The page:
MIDWAY : The bestsellerdom

The word “bestseller” doesn’t mean too much nowadays. “Self-published bestseller” does. William P Young’s SPBS, The Shack, has been the “buzz book” in the US for the past 18 months. Paul Young is an Oregon salesman with an interest in web design. He composed The Shack as a gift for his children at Christmas 2005, something that would explain

the mysterious ways in which God works.

He typeset the story on his computer and had it bound at the local print shop. His two pastors (kicking in a start-up fund of $300) encouraged him to self-publish. Registering themselves as Windblown Media, they dispatched copies from the Youngs’ garage. Lots of copies,

as the months passed.

Word of mouth became word of web. The Shack was blogged and hyped by Christian radio into the bestseller lists. The plot is simple. God takes exception to little girls getting murdered by serial killers and posts a bereaved parent a note on the subject. “He” cares. A huge number of readers testify on the web that The Shack brought them closer to their Creator.

Christian fiction is big in the US. In bookshops, that section is usually larger than science fiction (although regular Christian publishers turned down The Shack on the grounds that it was too “edgy”). Young himself calls his bestsellerdom a “miracle”, clearly discerning the kind of assistance you can’t expect from the average publicity department. Is The Shack the Blair Witch Project of the modern book world? Does it demonstrate that with modern e-tools literary talent can find a way around the cumbersome apparatus of the publishing industry? Probably not.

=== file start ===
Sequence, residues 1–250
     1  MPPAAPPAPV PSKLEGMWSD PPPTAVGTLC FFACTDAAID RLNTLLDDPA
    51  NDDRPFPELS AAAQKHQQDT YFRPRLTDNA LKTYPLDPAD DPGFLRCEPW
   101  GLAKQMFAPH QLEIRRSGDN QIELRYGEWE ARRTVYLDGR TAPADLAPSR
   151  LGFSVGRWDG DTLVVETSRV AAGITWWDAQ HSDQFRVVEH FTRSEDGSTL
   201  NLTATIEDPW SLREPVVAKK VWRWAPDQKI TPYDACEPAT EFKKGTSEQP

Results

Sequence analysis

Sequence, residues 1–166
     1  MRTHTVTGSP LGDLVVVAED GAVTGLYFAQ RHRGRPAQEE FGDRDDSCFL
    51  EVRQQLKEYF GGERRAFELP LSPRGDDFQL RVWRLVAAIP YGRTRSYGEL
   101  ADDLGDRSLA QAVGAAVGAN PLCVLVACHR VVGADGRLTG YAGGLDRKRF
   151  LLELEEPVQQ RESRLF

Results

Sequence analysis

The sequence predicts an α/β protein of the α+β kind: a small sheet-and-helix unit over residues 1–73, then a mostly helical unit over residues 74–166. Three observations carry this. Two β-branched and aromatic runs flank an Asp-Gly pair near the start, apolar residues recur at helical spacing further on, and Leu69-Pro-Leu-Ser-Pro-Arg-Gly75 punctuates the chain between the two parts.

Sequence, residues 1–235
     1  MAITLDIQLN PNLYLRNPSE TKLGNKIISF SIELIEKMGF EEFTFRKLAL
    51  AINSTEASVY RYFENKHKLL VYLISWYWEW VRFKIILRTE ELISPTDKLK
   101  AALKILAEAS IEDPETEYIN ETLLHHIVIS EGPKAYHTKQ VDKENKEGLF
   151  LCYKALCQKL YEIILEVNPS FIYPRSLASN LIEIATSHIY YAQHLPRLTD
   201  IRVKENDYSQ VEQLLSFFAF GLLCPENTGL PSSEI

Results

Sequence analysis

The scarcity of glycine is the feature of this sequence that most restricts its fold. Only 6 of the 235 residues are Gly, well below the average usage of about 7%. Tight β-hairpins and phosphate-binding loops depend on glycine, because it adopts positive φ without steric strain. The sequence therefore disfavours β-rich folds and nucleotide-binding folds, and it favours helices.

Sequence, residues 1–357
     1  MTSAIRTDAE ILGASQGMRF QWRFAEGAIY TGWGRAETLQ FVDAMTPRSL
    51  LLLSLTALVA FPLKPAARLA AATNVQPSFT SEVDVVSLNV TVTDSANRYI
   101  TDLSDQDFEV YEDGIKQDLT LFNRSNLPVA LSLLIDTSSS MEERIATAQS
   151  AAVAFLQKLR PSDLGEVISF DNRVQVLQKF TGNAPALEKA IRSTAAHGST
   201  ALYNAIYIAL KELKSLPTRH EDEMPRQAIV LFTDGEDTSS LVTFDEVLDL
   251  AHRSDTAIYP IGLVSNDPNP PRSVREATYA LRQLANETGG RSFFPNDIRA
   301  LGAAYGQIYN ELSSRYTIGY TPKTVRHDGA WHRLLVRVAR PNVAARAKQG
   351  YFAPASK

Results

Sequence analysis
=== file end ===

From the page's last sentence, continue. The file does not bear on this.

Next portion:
The famous novelists who have self-published could supply a well-rounded literary education: Mark Twain, DH Lawrence, James Joyce, Virginia Woolf, et al. They are proudly listed on

self-publishing guru John Kremer’s “self-publishing hall of fame”. But, like Young, these novelists typically did it at the break-in stage of their careers.

Once inside, they signed up quite happily to the mainstream book world. The Shack arrives this side of the pond published by Hodder and Stoughton, in an initial print run of 25,000. They won’t be dispatching it from Mr Hodder’s garage.